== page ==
Sep 21 12:03:53 p5smtp22 postfix/sendmail[527]: fatal: reports(2012): queue file write error

Postfix version 2.3 or olders reports “illegal seek” instead of “file too large” error. There are two ways to fix this problem:

  1. First upgrade Postfix to latest stable version such as 2.5
  2. Set message_size_limit parameter

Set message_size_limit

Open /etc/postfix/main.cf config file:
# vi /etc/postfix/main.cf
Set message_size_limit to 20971520 bytes (20 megabytes):
message_size_limit = 20971520
Restart postfix mail server:
# /etc/init.d/postfix restart

Postfix mail server block Malware with blacklist

Posted on in Categories Howto, Linux, Mail server, Networking, Postfix, RedHat/Fedora Linux, Security, Shell scripting, Suse Linux, Sys admin, Tips, Ubuntu Linux, UNIX last updated June 25, 2007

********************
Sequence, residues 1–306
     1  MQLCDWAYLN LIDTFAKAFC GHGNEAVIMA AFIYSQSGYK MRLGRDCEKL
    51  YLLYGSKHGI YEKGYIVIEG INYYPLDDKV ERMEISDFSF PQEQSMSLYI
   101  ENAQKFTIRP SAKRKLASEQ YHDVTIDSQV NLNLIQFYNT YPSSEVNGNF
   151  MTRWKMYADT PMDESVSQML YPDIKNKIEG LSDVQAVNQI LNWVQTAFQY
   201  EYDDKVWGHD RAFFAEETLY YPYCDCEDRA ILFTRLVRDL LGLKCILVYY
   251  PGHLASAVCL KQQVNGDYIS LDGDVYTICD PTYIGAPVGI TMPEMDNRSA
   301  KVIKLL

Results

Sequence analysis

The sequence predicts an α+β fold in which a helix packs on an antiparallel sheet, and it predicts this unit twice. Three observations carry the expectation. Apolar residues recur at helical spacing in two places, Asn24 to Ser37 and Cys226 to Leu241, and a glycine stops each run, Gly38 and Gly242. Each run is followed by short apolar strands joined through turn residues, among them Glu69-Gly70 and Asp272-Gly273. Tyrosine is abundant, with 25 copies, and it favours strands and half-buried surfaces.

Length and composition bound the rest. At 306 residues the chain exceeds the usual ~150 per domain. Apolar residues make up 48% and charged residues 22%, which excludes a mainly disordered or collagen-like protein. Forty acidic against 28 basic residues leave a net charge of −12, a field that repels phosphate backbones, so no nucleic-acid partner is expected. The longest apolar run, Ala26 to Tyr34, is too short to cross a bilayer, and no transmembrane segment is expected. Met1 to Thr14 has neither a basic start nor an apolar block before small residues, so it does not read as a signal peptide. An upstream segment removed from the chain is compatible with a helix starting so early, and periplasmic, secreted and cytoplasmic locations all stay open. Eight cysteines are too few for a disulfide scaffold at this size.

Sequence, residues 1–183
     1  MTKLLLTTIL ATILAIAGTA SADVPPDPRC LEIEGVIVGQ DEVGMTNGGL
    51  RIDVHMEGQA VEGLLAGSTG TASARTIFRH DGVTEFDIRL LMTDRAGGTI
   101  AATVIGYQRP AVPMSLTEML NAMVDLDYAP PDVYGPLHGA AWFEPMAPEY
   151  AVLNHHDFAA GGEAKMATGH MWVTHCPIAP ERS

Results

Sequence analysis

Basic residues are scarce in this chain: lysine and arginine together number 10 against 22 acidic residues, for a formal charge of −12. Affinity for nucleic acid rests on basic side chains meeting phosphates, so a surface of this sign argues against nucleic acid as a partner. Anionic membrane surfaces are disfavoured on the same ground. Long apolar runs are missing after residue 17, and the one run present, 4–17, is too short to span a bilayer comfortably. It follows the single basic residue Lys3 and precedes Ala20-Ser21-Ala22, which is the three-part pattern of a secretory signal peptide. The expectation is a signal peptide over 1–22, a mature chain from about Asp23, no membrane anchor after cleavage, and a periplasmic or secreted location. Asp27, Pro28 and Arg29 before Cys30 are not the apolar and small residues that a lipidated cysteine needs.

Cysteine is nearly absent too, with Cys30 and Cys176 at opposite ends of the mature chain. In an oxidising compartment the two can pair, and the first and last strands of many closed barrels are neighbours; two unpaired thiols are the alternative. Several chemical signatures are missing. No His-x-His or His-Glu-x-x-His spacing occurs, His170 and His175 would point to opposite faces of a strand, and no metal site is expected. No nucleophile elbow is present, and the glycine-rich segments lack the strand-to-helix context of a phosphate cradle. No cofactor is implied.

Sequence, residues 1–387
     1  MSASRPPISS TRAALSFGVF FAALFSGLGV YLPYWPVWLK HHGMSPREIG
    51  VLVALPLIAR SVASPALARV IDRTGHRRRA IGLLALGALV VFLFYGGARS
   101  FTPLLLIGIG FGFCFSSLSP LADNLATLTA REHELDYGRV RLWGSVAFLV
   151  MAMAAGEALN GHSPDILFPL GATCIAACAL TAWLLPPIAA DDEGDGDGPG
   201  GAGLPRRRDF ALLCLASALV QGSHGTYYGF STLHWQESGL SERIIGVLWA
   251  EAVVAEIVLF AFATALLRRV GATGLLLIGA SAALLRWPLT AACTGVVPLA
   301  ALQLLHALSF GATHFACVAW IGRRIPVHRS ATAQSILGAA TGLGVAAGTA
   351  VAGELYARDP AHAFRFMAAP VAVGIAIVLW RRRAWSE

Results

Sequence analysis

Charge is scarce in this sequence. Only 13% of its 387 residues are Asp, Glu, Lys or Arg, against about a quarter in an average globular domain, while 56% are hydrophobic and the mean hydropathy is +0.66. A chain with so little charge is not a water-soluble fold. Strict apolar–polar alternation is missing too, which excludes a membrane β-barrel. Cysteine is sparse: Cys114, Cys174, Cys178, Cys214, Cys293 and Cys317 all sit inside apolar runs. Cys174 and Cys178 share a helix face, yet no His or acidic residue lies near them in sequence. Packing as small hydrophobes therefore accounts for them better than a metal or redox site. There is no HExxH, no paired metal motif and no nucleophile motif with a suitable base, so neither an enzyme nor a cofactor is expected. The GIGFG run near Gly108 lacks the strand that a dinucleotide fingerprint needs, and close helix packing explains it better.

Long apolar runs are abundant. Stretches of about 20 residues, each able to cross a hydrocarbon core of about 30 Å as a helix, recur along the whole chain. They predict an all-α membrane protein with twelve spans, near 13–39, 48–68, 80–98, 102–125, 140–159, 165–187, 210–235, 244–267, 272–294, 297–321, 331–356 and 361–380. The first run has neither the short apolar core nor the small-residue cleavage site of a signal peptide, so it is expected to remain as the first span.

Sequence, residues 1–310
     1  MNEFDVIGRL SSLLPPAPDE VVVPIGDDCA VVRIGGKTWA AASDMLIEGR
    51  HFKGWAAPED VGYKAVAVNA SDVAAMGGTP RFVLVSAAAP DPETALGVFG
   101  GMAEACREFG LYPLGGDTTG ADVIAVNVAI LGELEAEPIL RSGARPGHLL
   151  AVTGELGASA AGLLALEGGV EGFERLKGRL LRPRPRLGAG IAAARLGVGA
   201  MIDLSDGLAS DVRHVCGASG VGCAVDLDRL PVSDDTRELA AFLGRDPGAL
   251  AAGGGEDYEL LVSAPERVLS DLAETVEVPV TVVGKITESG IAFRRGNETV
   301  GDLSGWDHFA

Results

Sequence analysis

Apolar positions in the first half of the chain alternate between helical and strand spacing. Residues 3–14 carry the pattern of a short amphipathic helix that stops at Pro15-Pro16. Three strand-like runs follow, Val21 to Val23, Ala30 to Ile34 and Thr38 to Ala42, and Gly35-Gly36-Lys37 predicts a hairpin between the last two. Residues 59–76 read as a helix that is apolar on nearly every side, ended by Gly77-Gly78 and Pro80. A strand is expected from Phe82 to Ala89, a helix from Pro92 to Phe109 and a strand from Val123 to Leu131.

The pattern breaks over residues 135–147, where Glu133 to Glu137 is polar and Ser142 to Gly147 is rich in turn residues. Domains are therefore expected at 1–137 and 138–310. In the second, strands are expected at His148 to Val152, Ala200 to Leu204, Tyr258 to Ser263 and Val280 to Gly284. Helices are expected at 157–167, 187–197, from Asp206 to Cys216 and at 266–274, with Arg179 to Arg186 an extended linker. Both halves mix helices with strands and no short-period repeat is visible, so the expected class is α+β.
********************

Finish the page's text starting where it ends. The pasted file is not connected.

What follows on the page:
Malware is used for a malicious purpose. It can be in your software or hardware. Email and pirated software is the most powerful way to spread malware. Malware inserted in a system without user notification.
Continue reading “Postfix mail server block Malware with blacklist”

Postfix mail server block .bat, .exe .com .vbs mime attachments – common virus spreading files

Posted on in Categories Howto, Linux, Mail server, Postfix, RedHat/Fedora Linux, UNIX last updated June 20, 2007